“There are two types of speakers: those that are nervous and those that are liars.” ~ Mark Twain
I can’t remember a single moment in time during which I wasn’t nervous before approaching the stage and addressing an audience… and I’ve lost count how many speaking-related events I’ve participated in. The truth is, it’s totally normal to feel some butterflies.
In fact, scientists tell us that this feeling of fear is even built within our genetic code to respond with heightened levels of alertness and nervousness when we’re facing a large crowd of people, and we’re the only ones on the opposing side. In his book, Confessions of a Public Speaker (get the FlashNotes book summary here), Scott Berkun tells us the following:
Our brains, for all their wonders, identify the following four things as being very bad for survival:
- Standing alone
- In open territory with no place to hide
- Without a weapon
- In front of a large crowd of creatures staring at you
In the long history of all living things, any situation where all the above were true was very bad for you. It meant the odds were high that you would soon be attacked and eaten alive. Many predators hunt in packs, and their easiest prey are those who stand alone, without a weapon, on a flat area of land where there is little cover (e.g., a stage). Our ancestors… developed a fear response to these situations. So, despite my 15 years of teaching classes, running workshops, and giving lectures, no matter how comfortable I appear to the audience when at the front of the room, it’s a scientific fact that my brain and body will experience some kind of fear before and often while I’m speaking.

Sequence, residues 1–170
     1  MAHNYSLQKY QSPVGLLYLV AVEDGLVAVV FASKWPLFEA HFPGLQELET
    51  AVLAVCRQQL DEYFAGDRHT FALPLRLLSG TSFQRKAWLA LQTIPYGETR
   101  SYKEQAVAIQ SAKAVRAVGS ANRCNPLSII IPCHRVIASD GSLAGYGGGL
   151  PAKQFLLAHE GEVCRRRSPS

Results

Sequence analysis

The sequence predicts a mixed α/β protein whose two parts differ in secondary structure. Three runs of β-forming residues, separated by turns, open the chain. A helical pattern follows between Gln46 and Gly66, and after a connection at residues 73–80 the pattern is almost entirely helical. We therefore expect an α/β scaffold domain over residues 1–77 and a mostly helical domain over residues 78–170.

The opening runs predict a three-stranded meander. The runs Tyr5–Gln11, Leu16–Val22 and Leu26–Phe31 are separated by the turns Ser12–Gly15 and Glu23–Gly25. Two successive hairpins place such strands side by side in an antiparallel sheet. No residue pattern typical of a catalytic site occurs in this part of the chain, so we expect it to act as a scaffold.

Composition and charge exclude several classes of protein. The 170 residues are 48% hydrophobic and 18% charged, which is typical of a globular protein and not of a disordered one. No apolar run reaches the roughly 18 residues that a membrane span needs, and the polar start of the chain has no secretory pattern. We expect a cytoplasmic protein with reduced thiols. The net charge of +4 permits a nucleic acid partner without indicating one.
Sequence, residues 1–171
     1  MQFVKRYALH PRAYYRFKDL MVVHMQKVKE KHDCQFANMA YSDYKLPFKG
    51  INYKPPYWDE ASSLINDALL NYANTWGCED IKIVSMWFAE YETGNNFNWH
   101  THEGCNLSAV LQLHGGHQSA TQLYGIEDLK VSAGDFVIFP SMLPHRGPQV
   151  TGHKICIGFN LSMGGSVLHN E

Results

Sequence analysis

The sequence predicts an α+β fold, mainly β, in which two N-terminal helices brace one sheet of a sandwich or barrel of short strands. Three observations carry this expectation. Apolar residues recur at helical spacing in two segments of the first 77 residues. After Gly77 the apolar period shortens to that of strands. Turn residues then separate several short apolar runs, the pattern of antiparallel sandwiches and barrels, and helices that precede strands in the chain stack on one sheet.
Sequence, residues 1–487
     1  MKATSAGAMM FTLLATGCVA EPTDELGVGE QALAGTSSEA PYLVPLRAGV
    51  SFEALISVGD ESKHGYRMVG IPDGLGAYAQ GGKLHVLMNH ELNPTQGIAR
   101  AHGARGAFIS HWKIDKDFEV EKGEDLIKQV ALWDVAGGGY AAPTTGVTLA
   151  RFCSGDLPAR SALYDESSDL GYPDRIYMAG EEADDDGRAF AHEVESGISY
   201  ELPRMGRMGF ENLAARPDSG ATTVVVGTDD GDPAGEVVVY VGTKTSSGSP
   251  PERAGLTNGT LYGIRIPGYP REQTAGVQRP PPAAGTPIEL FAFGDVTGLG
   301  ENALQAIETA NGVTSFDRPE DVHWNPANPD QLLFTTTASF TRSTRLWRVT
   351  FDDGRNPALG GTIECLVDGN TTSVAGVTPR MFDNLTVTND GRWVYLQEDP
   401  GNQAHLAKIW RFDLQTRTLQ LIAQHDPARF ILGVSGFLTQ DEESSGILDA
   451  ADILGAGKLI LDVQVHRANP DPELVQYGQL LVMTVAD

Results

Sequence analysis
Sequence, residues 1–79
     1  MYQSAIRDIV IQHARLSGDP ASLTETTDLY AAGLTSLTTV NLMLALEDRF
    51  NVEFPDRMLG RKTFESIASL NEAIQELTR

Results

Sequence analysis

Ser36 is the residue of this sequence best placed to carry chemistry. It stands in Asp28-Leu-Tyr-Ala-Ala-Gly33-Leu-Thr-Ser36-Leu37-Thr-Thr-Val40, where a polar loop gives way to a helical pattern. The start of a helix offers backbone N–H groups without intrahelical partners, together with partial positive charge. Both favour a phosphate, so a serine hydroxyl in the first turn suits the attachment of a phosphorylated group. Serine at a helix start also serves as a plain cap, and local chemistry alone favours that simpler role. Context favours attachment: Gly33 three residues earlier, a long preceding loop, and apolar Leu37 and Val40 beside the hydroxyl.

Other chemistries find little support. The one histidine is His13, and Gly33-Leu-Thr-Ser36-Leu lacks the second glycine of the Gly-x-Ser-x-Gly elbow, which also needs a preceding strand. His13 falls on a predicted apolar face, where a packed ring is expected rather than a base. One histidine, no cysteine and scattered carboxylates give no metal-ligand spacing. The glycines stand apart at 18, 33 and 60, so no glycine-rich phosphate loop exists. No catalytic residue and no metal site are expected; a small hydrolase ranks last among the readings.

The scary sensations aren’t going anywhere. So rather than run away, let’s embrace it and learn to utilize it to our advantage. And at worst – let’s at least learn how to overcome the fear eventually by putting some effective anxiety management practices to work.
Wanna learn what they are? Continue reading below for your 15 tips to overcome public speaking anxiety. The first 8 tips are about the process of overcoming the anxiety of speaking in public… Tips 9-15 are tactics to help you manage the anxiety and keep it to a minimum.
Public speaking anxiety : 15 tips to overcome it
#1. Turn anxiety into energy.
When it comes to public speaking — one of the best ways to overcome anxiety and nervousness is to USE the energy that your body generates as a result of you being so nervous.
One of the coolest things about being afraid/anxious/fearful is that our bodies produce various chemicals (like cortisol) when we anticipate something we’re afraid of… and this actually results in an increased amount of adrenaline and energy.
Most people are too busy being afraid to actually think about channeling their anxiety into energy and enthusiasm. But now that you know about it — you won’t be one of those people, right? What you’ll do instead, is USE this energy when it arises to connect with your audience and deliver your message with power and purpose.
If you’d like a deeper explanation about the neuroscience behind how fear works, checkout the video below, where Abigail Marsh, Ph.D., associate professor of psychology at Georgetown University, breaks down how fear arises in our bodies.
2. Have a deep desire to talk about something.
When it comes to public speaking — and life in general — your desire must be equal to the effort that success demands.
Have a white hot burning desire. Have enthusiasm and tell everyone about it.
If you can’t cultivate a deep desire to deliver a message — then why the heck are you up there in the first place?